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Review: Theophilus London and Amadou & Mariam Heat Up SummerStage

by Photo of Ross Bernhardt

The acts in Central Park were hotter than the temperature as Rumsey Playfield was host to another great show.

Saturday was a scorcher in New York City, but that didn't stop a capacity crowd from turning out to watch Theophilus London and Amadou & Mariam put on a spectacular show as part of City Parks Foundation's SummerStage concert series.  

Three acts performed on Saturday for the packed house at Rumsey Playfield.  The first group was Just A Band, and I unfortunately missed their set.  Theophilus London was next, and he had already rocked Central Park the previous summer.  London came out with his band and just had fun out there on the stage.  He danced, sang, and rapped through an incredibly diverse and enjoyable set that saw him perform some of his well-known songs ("Last Name London", "Wine and Chocolates") as well as some covers.  He rapped over the theme song from "Pinky and the Brain" and covered Nat King Cole's "Calypso Blues."  He also covered another song, but which song it was escapes me.  That bothers me, because it was a really good cover.

His band used all the stage and even more, at times jumping into the photographers pit to get the crowd hyped up and spraying water bottles into the crowd to cool everybody off.  Near the end they were pulling fans onto the stage to have a dance party, and the bass player ended up right next to me wondering why the crowd was so calm right near him.  I thought they were plenty excited, and so were the people who got onstage.  They danced with London and his crew, doing the "Matrix" move a couple times, and ended things on a high note.  London's versatility showed me why his star is quickly rising.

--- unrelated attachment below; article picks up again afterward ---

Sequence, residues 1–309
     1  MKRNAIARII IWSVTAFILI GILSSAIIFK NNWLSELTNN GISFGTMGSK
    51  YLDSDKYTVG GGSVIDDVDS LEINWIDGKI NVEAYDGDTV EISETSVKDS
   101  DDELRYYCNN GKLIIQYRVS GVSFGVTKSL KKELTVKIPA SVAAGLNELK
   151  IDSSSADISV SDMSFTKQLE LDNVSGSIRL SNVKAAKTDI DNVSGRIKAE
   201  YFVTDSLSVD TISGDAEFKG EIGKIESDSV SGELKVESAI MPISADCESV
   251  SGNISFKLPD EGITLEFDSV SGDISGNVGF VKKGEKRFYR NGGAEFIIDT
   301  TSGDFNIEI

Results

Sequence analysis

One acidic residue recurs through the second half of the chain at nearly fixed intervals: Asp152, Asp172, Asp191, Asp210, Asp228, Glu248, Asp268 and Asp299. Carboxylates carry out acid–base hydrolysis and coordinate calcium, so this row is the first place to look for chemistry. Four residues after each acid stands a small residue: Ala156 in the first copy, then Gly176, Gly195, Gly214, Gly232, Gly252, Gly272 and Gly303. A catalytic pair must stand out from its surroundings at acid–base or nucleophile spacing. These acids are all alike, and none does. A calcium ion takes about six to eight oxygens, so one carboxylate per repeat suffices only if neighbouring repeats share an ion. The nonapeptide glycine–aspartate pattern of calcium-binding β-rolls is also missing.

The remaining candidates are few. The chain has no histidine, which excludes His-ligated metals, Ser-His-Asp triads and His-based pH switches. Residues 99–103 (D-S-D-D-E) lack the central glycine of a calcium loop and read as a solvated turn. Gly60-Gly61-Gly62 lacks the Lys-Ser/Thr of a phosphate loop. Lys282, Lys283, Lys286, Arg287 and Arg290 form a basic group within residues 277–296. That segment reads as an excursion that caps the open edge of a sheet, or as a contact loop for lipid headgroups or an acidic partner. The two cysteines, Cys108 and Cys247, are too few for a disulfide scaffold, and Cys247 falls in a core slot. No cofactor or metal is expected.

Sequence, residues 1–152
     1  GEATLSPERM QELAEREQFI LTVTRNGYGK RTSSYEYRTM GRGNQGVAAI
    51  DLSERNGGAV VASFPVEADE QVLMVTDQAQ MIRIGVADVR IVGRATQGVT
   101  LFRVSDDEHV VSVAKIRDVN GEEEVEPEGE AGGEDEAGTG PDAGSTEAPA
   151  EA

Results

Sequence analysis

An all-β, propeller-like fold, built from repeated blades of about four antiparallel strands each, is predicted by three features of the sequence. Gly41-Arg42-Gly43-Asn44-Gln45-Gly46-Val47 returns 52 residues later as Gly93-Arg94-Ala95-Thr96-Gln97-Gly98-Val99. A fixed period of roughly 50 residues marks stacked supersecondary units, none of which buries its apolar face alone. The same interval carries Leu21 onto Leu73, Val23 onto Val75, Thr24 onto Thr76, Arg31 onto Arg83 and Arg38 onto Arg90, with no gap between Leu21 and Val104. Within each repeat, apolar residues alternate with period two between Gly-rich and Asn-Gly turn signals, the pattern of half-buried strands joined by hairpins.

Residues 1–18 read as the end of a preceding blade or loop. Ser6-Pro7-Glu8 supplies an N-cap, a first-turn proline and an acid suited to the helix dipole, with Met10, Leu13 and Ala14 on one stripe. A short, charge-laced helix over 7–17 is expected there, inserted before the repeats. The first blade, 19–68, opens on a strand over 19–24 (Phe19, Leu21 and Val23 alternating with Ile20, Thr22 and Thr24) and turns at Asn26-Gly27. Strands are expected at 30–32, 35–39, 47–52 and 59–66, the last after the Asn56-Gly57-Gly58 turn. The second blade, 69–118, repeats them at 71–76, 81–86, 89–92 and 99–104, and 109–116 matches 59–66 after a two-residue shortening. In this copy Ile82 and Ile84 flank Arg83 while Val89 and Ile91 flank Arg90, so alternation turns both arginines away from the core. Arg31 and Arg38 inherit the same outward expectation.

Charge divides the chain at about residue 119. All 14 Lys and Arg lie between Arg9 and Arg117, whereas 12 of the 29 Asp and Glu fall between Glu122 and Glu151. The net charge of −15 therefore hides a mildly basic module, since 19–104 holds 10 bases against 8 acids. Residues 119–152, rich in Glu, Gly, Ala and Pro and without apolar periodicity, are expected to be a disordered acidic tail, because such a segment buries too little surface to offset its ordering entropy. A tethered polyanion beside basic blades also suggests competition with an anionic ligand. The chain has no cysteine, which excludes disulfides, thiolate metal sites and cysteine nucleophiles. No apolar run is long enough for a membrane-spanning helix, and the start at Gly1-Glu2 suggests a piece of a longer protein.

Next up was Amadou & Mariam, a duo from Mali.  Amadou plays guitar and sings, while Mariam sings.  The two, along with their backing band, put on an unbelievable show.  It was like rock and roll meets Africa in Central Park.  Amadou played his gold-plated guitar more skillfully than many guitarists I've seen in quite a while.  Mariam and Amadou provided the vocals in their native language and all of their songs sounded so uplifting.  Combined with the rollicking fun of their jamming, the incredible percussion work, and the infectious grins from all members of the band, no one could have possibly been upset during the show.

Adding to the charm was the genuine nature of their performance.  Amadou & Mariam were both incredibly happy to share their music and were thrilled that everyone was having such a good time with them.  It all made for a feel-good performance to end the day.

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